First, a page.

Amazon.com Inc. is asking the National Labor Relations Board to consider having workers vote in person -- rather than by mail -- on a proposal to form a union at an Alabama warehouse.
The company formally requested a postponement of the vote so the labor regulator can reconsider its earlier ruling. Under the current plan, workers will have most of next two months to vote by mail.
A group of workers at Amazon’s Bessemer, Alabama, warehouse filed paperwork in November for an election to decide whether to be represented by the Retail, Wholesale and Department Store Union, a rare step for workers at a company whose U.S. workforce isn’t unionized. The NLRB, which oversees union votes, earlier this month said the vote would be conducted by mail, citing standards set up during the pandemic to keep workers and staffers safe.
The NLRB didn’t immediately return a request for comment.
In documents dated Thursday, Amazon objected to that decision, saying the board had unfairly dismissed the company’s argument that the safety of its facility should be considered separately from the surrounding Jefferson County and the wider state of Alabama, where the Covid-19 positive test rate this month rose above 20%.
Amazon said its proposal for a manual vote would have “fully minimized any risk of transmission.” The NLRB’s decision that mail-only balloting was the safest approach was “based on speculation and conjecture, and without ever balancing the purported risk of virus spread against the public policy that ‘strongly favors’ allowing employees to vote in person,” the company said.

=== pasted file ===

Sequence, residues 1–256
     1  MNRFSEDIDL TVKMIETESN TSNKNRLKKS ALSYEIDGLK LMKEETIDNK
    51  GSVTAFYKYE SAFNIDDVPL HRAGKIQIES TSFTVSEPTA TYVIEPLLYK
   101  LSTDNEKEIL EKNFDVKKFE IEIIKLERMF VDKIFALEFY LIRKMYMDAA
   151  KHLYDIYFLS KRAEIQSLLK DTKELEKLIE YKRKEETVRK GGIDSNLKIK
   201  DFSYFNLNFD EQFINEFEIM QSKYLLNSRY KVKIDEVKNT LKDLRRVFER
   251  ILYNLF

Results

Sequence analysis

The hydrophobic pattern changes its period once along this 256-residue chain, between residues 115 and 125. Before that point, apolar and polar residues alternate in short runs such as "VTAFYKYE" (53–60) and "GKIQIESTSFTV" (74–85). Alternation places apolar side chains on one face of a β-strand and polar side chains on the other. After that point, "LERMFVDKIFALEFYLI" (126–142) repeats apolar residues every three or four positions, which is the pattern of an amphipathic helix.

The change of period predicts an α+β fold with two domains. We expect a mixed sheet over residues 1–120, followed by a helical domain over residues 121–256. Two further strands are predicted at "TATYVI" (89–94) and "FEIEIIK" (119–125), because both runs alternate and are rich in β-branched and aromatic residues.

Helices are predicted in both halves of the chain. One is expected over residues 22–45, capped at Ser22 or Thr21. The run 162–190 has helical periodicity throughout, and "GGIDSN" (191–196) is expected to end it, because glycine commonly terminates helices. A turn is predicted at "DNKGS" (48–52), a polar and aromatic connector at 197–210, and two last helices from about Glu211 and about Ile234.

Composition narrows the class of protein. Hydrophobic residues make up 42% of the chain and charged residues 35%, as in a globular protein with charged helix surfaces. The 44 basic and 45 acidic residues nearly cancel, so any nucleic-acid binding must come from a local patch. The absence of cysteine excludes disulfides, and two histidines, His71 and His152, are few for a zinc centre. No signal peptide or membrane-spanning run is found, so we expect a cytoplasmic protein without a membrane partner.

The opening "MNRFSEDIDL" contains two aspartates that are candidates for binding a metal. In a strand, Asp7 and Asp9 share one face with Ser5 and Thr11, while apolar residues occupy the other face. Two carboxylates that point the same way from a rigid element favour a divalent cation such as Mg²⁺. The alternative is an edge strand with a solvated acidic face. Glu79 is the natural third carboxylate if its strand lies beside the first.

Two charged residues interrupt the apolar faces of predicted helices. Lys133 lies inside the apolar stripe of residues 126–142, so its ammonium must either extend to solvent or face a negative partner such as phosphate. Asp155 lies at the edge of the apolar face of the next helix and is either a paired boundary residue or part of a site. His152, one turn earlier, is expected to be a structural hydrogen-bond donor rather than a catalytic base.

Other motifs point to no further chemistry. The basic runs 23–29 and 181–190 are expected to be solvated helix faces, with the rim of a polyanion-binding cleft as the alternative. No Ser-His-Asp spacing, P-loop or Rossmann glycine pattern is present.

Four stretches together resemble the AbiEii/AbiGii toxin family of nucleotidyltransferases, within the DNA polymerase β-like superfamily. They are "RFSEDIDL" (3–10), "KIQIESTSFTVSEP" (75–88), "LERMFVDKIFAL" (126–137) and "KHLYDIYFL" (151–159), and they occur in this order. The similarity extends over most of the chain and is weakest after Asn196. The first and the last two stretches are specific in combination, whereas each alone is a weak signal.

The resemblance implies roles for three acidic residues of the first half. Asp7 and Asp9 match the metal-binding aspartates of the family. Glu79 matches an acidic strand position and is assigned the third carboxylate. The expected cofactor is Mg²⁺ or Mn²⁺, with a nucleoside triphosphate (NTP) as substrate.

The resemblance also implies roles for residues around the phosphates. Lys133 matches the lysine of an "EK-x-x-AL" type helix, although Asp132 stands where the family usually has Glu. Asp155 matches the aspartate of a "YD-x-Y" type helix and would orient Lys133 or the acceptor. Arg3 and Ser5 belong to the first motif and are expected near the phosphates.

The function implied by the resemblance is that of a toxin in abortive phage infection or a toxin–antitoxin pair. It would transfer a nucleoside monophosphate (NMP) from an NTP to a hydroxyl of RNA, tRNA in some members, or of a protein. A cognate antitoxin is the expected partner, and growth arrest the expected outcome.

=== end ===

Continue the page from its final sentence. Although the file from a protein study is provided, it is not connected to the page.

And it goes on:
The world’s largest online retailer said that a mail election raised the risk of fraud and the coercion of workers. It also said the process would depress turnout, arguing that as many as 29% of its more than 5,800 employees eligible to vote wouldn’t do so or would return incorrectly completed ballots.
Amazon had proposed holding the election in a heated tent set up in the facility’s parking lot and offered use of software designed to enforce social distancing. The NLRB, in its decision, said conditions were too dangerous for an in-person vote and that such use of the company’s “extensive resources” risked giving workers the impression that government employees conducting the vote were improperly accepting benefits from Amazon.
“The most important factors in my decision are the safety of all election participants and the enfranchisement of all voters,” the NLRB’s acting regional director wrote in the decision. “Both of these factors weigh in favor of a mail ballot election.”
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